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Arguing Against “Libertarianism”

1.0 Introduction By "libertarianism", I mean propertarianism, a right-wing doctrine. In this post, I want to outline some ways of arguing against this set of ideas. (On this topic, Mike Huben has much more extensive resources than I can allude to.) 2.0 On Individual Details I like to use certain policy ideas as a springboard for arguments that they have no coherent justification in economic theory. Unsurprisingly, the outdated nonsense market fundamentalists push does not have empirical...

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A Unique Natural Rate Of Interest?

1.0 Introduction In explaining the policy implications of the Austrian Business Cycle Theory, Hayek argued that the central bank should try to keep the money rate of interest rate equal to the natural rate. Sraffa famously criticized Hayek by describing a model with multiple interest rates, not necessarily all equal. In reply, Hayek asserted that all the interest rates in Sraffa's example would be equilibrium rates. Sraffa had a rejoinder: "The only meaning (if it be a meaning) I can...

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A Country Worse Off With Trade In Capital Goods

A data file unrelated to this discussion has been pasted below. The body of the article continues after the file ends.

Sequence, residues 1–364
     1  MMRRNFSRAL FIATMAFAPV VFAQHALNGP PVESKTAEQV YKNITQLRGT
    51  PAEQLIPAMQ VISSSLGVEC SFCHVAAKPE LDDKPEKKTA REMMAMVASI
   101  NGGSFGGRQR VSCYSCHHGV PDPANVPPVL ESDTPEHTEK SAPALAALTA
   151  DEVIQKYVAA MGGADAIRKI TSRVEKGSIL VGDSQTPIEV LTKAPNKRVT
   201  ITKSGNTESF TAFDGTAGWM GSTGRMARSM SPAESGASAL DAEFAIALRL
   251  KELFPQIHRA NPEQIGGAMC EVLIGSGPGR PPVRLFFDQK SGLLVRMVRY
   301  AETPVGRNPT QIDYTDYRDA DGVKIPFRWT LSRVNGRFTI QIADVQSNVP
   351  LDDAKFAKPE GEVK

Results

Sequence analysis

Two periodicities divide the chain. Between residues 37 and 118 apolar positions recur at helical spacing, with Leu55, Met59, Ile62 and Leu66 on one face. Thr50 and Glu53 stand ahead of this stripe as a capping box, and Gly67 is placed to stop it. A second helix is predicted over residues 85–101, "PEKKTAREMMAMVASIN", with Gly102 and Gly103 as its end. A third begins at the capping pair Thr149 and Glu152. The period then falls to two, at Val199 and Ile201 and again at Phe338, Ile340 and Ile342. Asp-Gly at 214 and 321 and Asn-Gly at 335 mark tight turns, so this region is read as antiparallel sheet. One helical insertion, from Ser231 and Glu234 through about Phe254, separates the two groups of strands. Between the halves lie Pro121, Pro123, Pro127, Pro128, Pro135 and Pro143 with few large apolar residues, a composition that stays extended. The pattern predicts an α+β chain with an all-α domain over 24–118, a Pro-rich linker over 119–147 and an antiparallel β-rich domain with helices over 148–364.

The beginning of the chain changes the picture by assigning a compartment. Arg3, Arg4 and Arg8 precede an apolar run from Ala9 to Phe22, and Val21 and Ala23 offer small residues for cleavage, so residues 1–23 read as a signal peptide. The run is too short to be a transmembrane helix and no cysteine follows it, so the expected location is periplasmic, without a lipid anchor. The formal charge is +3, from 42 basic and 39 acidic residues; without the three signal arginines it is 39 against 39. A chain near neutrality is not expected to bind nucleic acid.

Figure 1: PPFs in Portugal1.0 Introduction This post continues these two posts. I change the model here to have wages advanced, not paid out of the surplus at the end of the year. I here consider an example of a model of stationary states in which two countries can trade in produced commodities to be used for consumption. The countries face given prices on international markets for traded commodities. (They are small open economies, in the jargon.) I take the rate of profits as given in...

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More On Foreign Trade In Consumer And Capital Goods

Figure 1: Rates Of Profits for Specialization in Consumer Goods1.0 Introduction This post is a continuation of this example. How a country specializes in foreign trade depends on distribution. And foreign trade can reduce the consumption basket to be divided among the inhabitants of a country, as compared with autarky. 2.0 Patterns of Specialization Assume that the consumption basket in both countries contains both corn and linen. In a steady state, international prices and the...

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Foreign Trade In Capital And Consumer Goods

Figure 1: Specialization In A Single Country1.0 Introduction This post considers how the firms in a small open economy will specialize, given prices on international markets and the domestic rate of profits. The example would only be interesting as part of a larger argument, which I have not yet worked out. 2.0 Technology Consider a small, open economy which has a flow-input, point-output technology for producing two consumption goods, corn and linen. Corn is manufactured from inputs of...